Something not right there in the sense that a phone that comes from a company is told on their website that it has malware pre-installed and another customer runs antivirus/ malware software to find said problem. The company then tells that customer to root the phone to fix the issue?

    That old saying I mentioned earlier of Closing the stable door after the horse has bolted comes to mind!

    well I'm updating it to closing the stable door after the horse has bolted and lived a healthy long life and dies comes to mind.
    • eddy
    • By eddy 3rd Dec 17, 2:47 PM
    • 39 Posts
    • 225 Thanks
    eddy
    Something not right there in the sense that a phone that comes from a company is told on their website that it has malware pre-installed and another customer runs antivirus/ malware software to find said problem. The company then tells that customer to root the phone to fix the issue?
    Originally posted by john22
    That is exactly what happened. The phone came with malware pre-installed, whether by the manufacturer or seller who was on Amazon Marketplace.
    Another purchaser later put feedback on Amazon regarding the malware. I contacted the manufacturer's support because the phone was out of warranty, and they emailed me the steps to root and upgrade the phone.
    • pennypincher2013
    • By pennypincher2013 4th Dec 17, 2:41 PM
    • 248 Posts
    • 33 Thanks
    pennypincher2013
    Thank you all. This thread has been enlightening.
    • john22
    • By john22 4th Dec 17, 7:30 PM
    • 279 Posts
    • 148 Thanks
    john22
    That is exactly what happened. The phone came with malware pre-installed, whether by the manufacturer or seller who was on Amazon Marketplace.
    Another purchaser later put feedback on Amazon regarding the malware. I contacted the manufacturer's support because the phone was out of warranty, and they emailed me the steps to root and upgrade the phone.
    Originally posted by eddy
    Thatís a complete failure of the manufacturer or seller of the phone. I would not be buying anything from whoever is to blame. Definitely not downloading antivirus software to check for malware that should never have been there in the first place.
    • eddy
    • By eddy 4th Dec 17, 10:41 PM
    • 39 Posts
    • 225 Thanks
    eddy
    Antivirus Software Can Be Useful
    Definitely not downloading antivirus software to check for malware that should never have been there in the first place.
    Originally posted by john22
    Each person is entitled to take as much a blinkered or head in the sand approach as he or she likes.

    Of course malware "should never have been there in the first place", but in real life the unexpected does happen. Therefore, it can be useful to have antivirus.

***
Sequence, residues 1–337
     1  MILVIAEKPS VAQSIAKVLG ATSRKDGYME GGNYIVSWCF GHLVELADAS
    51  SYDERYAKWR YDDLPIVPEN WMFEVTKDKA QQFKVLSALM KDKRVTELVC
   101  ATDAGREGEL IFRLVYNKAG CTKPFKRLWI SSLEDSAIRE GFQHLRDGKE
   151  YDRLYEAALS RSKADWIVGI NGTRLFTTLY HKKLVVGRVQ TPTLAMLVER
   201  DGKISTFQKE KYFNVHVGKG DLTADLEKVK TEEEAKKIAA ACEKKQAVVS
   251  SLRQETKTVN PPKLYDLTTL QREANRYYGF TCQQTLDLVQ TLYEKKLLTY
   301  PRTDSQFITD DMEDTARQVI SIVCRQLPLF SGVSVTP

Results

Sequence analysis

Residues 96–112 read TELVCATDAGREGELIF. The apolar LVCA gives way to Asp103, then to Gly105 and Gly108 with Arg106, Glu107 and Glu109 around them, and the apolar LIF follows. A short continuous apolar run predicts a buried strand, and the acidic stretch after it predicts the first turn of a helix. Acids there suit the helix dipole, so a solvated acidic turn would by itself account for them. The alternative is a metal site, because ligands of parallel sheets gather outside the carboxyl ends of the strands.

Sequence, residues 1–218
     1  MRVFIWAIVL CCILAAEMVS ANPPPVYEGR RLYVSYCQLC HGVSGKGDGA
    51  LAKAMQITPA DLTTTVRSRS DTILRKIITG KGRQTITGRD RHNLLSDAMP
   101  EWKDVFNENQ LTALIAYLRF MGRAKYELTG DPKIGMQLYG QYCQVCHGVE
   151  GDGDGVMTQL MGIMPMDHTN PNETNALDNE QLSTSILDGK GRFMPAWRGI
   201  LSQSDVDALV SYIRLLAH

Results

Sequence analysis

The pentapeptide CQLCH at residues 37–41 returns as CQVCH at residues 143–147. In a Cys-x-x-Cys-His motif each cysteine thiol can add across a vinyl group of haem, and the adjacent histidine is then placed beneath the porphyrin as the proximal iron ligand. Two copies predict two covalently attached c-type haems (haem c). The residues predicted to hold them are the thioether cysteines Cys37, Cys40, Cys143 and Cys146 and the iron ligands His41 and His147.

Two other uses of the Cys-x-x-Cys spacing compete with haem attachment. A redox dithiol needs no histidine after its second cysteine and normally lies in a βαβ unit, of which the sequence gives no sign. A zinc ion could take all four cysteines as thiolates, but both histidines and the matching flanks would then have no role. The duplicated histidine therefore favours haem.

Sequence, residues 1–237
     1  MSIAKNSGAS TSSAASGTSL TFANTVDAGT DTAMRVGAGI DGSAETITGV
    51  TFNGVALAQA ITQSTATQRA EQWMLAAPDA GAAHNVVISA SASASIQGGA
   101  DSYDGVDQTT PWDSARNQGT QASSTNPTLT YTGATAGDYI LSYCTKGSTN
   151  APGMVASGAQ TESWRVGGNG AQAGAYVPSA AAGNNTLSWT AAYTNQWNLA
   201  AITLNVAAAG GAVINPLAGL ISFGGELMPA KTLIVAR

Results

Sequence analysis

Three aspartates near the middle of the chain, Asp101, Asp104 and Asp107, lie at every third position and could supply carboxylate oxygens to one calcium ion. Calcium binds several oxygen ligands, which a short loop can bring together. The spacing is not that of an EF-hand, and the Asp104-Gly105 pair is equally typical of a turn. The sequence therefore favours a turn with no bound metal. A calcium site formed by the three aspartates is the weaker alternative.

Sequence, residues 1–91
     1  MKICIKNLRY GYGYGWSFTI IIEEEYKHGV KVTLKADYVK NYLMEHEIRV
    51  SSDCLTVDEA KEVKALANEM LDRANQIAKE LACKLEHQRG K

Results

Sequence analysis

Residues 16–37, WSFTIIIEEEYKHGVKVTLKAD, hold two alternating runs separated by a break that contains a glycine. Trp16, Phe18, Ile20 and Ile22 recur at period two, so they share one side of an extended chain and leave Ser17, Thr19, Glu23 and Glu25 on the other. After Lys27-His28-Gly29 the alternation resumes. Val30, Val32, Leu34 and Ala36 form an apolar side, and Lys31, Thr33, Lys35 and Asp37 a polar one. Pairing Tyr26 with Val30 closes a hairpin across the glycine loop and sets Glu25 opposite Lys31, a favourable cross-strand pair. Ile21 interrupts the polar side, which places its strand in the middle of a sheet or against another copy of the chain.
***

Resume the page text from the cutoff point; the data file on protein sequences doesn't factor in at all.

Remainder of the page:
In the case of the smartphone I mentioned, purchasers who took the wise precaution of installing an antivirus such as Malwarebytes would have been alerted to the malware straightaway and returned their phone for a full refund.

    Those purchasers would have been glad that they decided to install the antivirus.
    • john22
    • By john22 4th Dec 17, 11:04 PM
    • 279 Posts
    • 148 Thanks
    john22
    Each person is entitled to take as much a blinkered or head in the sand approach as he or she likes.

    Of course malware "should never have been there in the first place", but in real life the unexpected does happen. Therefore, it can be useful to have antivirus.

    In the case of the smartphone I mentioned, purchasers who took the wise precaution of installing an antivirus such as Malwarebytes would have been alerted to the malware straightaway and returned their phone for a full refund.

    Those purchasers would have been glad that they decided to install the antivirus.
    Originally posted by eddy
    Of course the unexpected does happen but viruses and malware should never be on a new product. I would still be !!!!ed even if it was second hand and the fix should be the unit is replaced not installing antivirus software or rooting because that just breeds fear and ignorance to the point that people install it and in some cases pay for it when thats not the solution.
    • AndyPix
    • By AndyPix 5th Dec 17, 9:34 AM
    • 3,040 Posts
    • 2,097 Thanks
    AndyPix
    Not sure why my posts got removed - And i still want to know which manuacturer advises to root thir own phone !!
    That is simply crazy
    Running with scissors since 1978
    • SeanDigiSave
    • By SeanDigiSave 5th Dec 17, 11:37 AM
    • 7 Posts
    • 6 Thanks
    SeanDigiSave
    I use Vipre across all devices. Very good, cheap. Low load. Doesn't overload your device with processes. Always gets my vote.